Politics of Middle East play out in class fracas

From the www.monabaker.com archive (legacy material)

Stevenson Swanson | Chicago Tribune | 1 January 2005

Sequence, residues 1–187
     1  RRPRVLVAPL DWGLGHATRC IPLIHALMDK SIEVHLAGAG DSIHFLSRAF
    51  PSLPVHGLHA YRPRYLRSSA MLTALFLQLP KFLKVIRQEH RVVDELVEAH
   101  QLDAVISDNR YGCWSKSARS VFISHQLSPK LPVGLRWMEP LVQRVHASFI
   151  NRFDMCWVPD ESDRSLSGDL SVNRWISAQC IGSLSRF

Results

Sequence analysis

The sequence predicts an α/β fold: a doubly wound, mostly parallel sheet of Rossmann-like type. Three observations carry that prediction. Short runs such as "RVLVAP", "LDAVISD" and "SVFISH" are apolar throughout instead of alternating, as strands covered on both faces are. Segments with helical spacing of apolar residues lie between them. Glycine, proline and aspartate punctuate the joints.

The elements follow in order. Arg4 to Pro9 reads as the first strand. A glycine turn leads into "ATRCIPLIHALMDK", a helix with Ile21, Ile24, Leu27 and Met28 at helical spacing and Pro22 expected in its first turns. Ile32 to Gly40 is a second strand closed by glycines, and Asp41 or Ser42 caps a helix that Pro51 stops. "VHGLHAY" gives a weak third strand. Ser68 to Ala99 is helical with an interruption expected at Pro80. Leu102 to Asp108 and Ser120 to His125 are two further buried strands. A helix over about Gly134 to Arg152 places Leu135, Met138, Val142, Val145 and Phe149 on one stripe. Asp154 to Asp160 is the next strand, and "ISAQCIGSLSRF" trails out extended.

NEW YORK -- The Upper West Side of Manhattan may be half a world away from the Middle East, but a bitter war of words has turned the narrow campus of Columbia University into a miniature Gaza Strip, riven by divisions between supporters of the Israeli and Palestinian sides. Jewish students charge that three professors in the university's Middle East & Jewish Studies department have ridiculed and intimidated them for making pro-Israel remarks, violating their rights as students to express opinions contrary to those of their professors. The allegations reflect the growing scrutiny that Middle East studies departments across the country are facing from pro-Israel groups that claim Arab or Islamic professors are slanting their courses to favor the Palestinian side, sometimes to the point of challenging Israel's right to exist. But nowhere is that scrutiny more public--or more heated--than on the one-block-wide quadrangle of Columbia's main campus. "They're trying to create a hegemony of ideas," said senior Ariel Beery, 25, referring to the professors at the center of the debate. "They're not allowing students to debate them or to disagree with some of their premises without attacking them in a personal manner." The university's Middle East & Jewish Studies department was the subject of a highly critical documentary this fall by a Boston-based pro-Israel group, and university President Lee Bollinger named a committee of Columbia academics in December to investigate the students' charges and decide whether the three professors should be disciplined. Floyd Abrams, a noted 1st Amendment lawyer, will advise the committee, which probably will not issue its findings before the end of February. "In the classroom, students as well as faculty share in the inherent right to explore and to speak to the subject under discussion," Bollinger, formerly president of the University of Michigan, said in the statement announcing the committee. "I believe it is imperative that we see students as colleagues in the pursuit of knowledge." Far from being treated as colleagues, some students of professor Joseph Massad, one of the faculty members under scrutiny, say he berates and humiliates those who challenge him. A female student who asked him whether Israeli authorities warned Palestinians before destroying the residences of suspected terrorists said he cut her off and told her that he would not allow her to deny Israeli "atrocities" in his class. Massad, a professor of modern Arab politics, reportedly asked another student who identified himself as a former Israeli soldier how many Palestinians he had killed. Another faculty member at the center of the controversy is professor George Saliba, a specialist in the history of Arabic and Islamic science, who reportedly told a student that her opinion about Israel was not valid because she had green eyes and was not a "true Semite." And professor Hamid Dabashi, the former chairman of Columbia's Middle East and Asian languages and cultures department, reportedly has said that Israel is a "ghastly state of racism and apartheid" that "must be dismantled." These accounts of the three professors' actions and beliefs are included in "Columbia Unbecoming," a 20-minute documentary produced by the David Project, a Boston-based group that says its mission is to make sure the Israeli position is fairly represented in college classes. Professors rebut claims The professors deny the students' accusations. "I have been maliciously slandered," Dabashi said in an e-mail message, adding that his relationship with his students has always been "one of mutual respect, irrespective of their gender, nationality, or religious identity." As for his comments about dismantling Israel, Dabashi said the quotes were taken out of context and that he opposes "any sort of religious state," including a "Christian empire," Islamic republic or Jewish state. Saliba wrote a rebuttal in the student newspaper, the Columbia Spectator, in which he said he did not remember making a remark about the student's eye color disqualifying her from having a valid opinion about Israel. "What seems to have happened is probably a misquotation of an argument I sometimes make," wrote Saliba, who was unavailable for an interview. "The gist of it would be to say that being born in a specific religion, or converting to one, is not the same as inheriting the color of one's eyes from one's parents and thus does not produce evidence of land ownership of a specific real estate." In responding to a request for an interview, Massad referred to a statement on his faculty Web site, where he calls the controversy "a witch hunt." "The aim of the David Project propaganda film is to undermine our academic freedom, our freedom of speech, and Columbia's tradition of openness and pluralism," he says on the Web site. The documentary, first shown at Columbia in late October, is not available to the public. Charles Jacobs, president of the David Project, said the film was intended to be shown mainly to university administrators and trustees so they would take the issue seriously. "It's our opinion that a professor should be allowed to have any point of view," Jacobs said. "But you don't tell people to shut up because you don't agree with me. It's very intimidating. If you're a student, you need good grades and you need letters of recommendation from these professors." Additional allegations Since the campus screenings of "Columbia Unbecoming," more students have come forward with allegations that the professors made intimidating remarks, according to Beery, the Columbia student, who is president of the student body of one of Columbia's undergraduate colleges. "They have been degrading and dehumanizing and disrespecting and completely overstepping the modes of behavior that they should stick to when they have such incredibly important positions of responsibility," said Beery, an Israeli who is studying economics and political science. Others have rallied to support the professors. More than 700 scholars from around the world signed a petition backing Massad. And a newly formed student group at Columbia, the Ad Hoc Committee to Defend Academic Freedom, disputes many of the charges of intimidation. History student Leeam Azulay-Yagev, also an Israeli, called Dabashi and Saliba two of her favorite professors. "These professors do not intimidate anyone," she said. "They are thought-provoking, yes, but I have never seen them treat anyone with anything but respect and a willingness to listen." Jacobs, the David Project head, sees the Columbia dispute as one example among many nationwide. His group is planning to make similar films about other, unnamed universities. For Columbia, however, the controversy goes to the heart of the university ethos--the balance between a professor's right to express unpopular views and a student's right to challenge those views. "Academic freedom is something that is basic to free inquiry, but it's not an unlimited principle," said university spokeswoman Susan Brown. "So the question is: When does a professor cross the line?"